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Google Flunks Privacy Ranking June 12, 2007

Posted by Joanne KY Teoh in Advertising, News.
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Google’s press honeymoon is over as an Internet watchdog pans the online search leader for having the worst privacy practices among the Web’s top destinations. London-based Privacy International says other Internet companies have troubling policies, but none comes close to Google in handling users’ personal information.

Google ranked worst for “comprehensive consumer surveillance and entrenched hostility to privacy.” Of the 22 companies surveyed, none received top grade. Five were rated “generally privacy-aware” – BBC, eBay, Last, LiveJournal, and Wikipedia.

The report is another strike at Google’s privacy practices. An independent European panel recently raised concerns about how Google uses and manages search data. And the US Federal Trade Commission is under pressure to investigate the potential threat posed by Google’s planned acquisition of DoubleClick, an online ad service which also tracks surfer behavior.

Google says it stockpiles data to help its search engine better understand users to deliver more relevant results and advertisements. In a move to placate critics, it has pledged to begin erasing information about users’ search requests within 18 to 24 months.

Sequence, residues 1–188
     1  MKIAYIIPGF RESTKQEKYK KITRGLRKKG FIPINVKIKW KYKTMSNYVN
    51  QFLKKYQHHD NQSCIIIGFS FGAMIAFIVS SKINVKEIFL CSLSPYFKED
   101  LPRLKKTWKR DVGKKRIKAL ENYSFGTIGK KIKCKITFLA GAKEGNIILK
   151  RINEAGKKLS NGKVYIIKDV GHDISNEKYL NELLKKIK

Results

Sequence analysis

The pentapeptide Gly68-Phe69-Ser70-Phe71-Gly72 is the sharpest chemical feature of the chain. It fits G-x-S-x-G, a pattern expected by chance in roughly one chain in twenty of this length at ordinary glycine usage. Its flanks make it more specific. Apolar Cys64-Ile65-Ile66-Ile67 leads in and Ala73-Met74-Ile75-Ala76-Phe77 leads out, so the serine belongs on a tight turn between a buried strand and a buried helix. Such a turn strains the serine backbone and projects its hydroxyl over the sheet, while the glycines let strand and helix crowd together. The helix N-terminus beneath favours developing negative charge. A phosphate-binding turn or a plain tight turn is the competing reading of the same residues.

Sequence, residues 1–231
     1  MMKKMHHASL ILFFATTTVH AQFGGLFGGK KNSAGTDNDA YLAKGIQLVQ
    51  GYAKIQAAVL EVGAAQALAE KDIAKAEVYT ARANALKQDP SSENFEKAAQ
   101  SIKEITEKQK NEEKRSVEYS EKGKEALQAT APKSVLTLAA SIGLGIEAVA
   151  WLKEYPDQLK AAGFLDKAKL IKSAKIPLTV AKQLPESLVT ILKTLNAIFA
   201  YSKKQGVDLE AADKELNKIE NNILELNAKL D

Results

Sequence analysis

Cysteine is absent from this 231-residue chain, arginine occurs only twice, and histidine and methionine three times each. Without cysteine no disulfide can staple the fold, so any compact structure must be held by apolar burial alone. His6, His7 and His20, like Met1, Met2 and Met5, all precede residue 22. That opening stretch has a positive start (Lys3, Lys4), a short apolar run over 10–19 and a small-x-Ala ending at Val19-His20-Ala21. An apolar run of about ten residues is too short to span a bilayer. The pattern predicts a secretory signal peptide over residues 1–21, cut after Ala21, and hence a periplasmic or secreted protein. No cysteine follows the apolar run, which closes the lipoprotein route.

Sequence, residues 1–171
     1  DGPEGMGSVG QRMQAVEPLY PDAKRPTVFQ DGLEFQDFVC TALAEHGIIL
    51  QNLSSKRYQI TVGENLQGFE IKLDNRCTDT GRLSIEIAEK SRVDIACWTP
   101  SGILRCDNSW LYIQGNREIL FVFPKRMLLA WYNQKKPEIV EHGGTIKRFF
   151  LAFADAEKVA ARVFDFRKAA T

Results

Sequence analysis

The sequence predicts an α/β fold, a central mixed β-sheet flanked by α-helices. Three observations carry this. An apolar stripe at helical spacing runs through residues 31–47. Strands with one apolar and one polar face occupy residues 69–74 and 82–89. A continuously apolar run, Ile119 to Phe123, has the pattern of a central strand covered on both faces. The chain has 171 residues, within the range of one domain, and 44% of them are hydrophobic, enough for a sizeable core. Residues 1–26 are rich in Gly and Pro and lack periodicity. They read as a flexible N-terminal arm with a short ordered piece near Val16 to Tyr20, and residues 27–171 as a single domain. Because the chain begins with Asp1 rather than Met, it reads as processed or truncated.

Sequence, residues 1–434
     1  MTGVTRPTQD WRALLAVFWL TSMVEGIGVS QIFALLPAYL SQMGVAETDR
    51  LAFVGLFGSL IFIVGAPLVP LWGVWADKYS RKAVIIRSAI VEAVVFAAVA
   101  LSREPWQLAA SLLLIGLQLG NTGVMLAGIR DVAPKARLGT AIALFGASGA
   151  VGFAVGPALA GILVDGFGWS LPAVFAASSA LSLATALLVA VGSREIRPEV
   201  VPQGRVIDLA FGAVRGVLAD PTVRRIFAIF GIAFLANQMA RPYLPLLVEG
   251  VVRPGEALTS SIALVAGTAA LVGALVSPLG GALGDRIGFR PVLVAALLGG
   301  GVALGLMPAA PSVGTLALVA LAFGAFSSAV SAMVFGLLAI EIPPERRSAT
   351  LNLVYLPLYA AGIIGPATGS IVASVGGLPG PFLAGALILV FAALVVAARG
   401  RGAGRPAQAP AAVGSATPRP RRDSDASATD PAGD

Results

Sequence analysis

Privacy International is troubled by Google’s ability to match its search data with information collected from other services such as e-mail, instant messaging and maps. The watchdog reached its interim findings after a six-month review of Internet privacy practices mostly in the US and UK.

Taking the report to task, Google says it stands by its track record and slammed Privacy International for publishing the report before the company had a chance to discuss its practices. In a brewing mutual smear campaign, Privacy Internaional posted a statement accusing Google of embarking on a move to discredit the group and its report.

See my post on WEB TIPS for a way to search the Internet with more anonymity.

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Comments»

1. correlate - June 16, 2007

There’s Contextual, And There’s Exact

I had an interesting experience with Google Gmail usage today. For those who do not know me, I am not one to jump on the privacy issues surrounding Google right now. This isn’t the first time I noticed the contextual nature of their sponsored …


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